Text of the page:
Besides, Rahul and Headley, there was Vilas Warak, a fitness instructor. “It was a pretty unusual group—a Black bodybuilder, a White yank who looks like Steven Seagal and me,” says Rahul. Headley had first met Rahul through Vilas at a body-building competition organised by the latter. “He made no impression on me. He looked like a typical American tourist,” Rahul says. The only thing he found interesting was that Headley’s two eyes were of different colours—brown and blue, “like a halcyon”.

From what Headley told his interrogators, it is now known that he assiduously cultivated Rahul because the link with Bollywood got his handlers in Pakistan excited. He began by asking for fitness advice and then kept organising meetings on different pretexts to build the friendship. One of them was a party Headley threw for Vilas’s birthday in which Rahul was the only other invitee. “We spent the entire day hanging around. We saw a movie and the national anthem started. But Headley didn’t get up. Vilas had to force him up,” says Rahul.

One of the most amusing incidents occurred when they once went for lunch to a restaurant called Sea Lounge at Taj Colaba. Rahul writes in the book: ‘The moment we sat down at our table, Vilas said, ‘Yeh behenchod ka bill toh bahut aane wala hai. Dekh le madarchod ki kya haalat hogi! ’ David kept a straight face, eating his sandwich and fries. I glared at Vilas, trying to tell him… the other guests might get offended. But he didn’t stop.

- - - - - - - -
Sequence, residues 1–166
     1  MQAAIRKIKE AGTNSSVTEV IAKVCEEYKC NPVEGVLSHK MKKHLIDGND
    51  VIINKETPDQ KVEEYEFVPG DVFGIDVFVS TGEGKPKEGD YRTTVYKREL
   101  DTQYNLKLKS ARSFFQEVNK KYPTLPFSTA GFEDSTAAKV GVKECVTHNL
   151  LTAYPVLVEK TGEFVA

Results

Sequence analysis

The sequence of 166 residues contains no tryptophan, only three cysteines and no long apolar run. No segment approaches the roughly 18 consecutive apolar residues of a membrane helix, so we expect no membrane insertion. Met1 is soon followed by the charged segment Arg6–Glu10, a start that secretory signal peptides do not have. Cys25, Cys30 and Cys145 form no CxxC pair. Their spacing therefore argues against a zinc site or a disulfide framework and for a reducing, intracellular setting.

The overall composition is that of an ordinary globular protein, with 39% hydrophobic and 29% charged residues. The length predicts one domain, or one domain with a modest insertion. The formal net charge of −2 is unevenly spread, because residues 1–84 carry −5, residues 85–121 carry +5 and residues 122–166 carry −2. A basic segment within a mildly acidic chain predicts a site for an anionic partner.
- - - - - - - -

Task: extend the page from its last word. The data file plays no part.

Throughout the meal, Vilas kept using expletives liberally and I was constantly glancing at David trying to gauge if he had picked up any gaalis on the streets of Mumbai… He kept at his meal, laughing and joking…

When the bill finally came, we saw it was over Rs 4,500. When he saw this, Vilas said mockingly, ‘Abey madarchod, itna kam khilaya aur itna bill dikhaya! Saale, humko chutiya bana rahe hain kya! …David, however gave no indication of being able to make out what Vilas was saying…’ But David did understand every word. Because Headley was actually born in Pakistan and his original name is Daood Gilani. Headley’s mother was an American and he moved to the US only when he was 17. It was in 2005 that he had changed his name to David Headley. His Hindi was as good as Rahul’s or Vilas’s. He knew every expletive Vilas had uttered.